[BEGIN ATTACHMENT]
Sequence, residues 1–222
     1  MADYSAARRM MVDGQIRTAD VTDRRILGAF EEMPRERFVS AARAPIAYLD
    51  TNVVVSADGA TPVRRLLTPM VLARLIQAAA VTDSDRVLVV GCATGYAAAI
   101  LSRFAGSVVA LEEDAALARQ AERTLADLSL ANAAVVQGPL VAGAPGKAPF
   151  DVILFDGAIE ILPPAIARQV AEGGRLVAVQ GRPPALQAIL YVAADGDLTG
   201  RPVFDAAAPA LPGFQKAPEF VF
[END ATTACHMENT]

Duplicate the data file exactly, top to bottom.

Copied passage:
Sequence, residues 1–222
     1  MADYSAARRM MVDGQIRTAD VTDRRILGAF EEMPRERFVS AARAPIAYLD
    51  TNVVVSADGA TPVRRLLTPM VLARLIQAAA VTDSDRVLVV GCATGYAAAI
   101  LSRFAGSVVA LEEDAALARQ AERTLADLSL ANAAVVQGPL VAGAPGKAPF
   151  DVILFDGAIE ILPPAIARQV AEGGRLVAVQ GRPPALQAIL YVAADGDLTG
   201  RPVFDAAAPA LPGFQKAPEF VF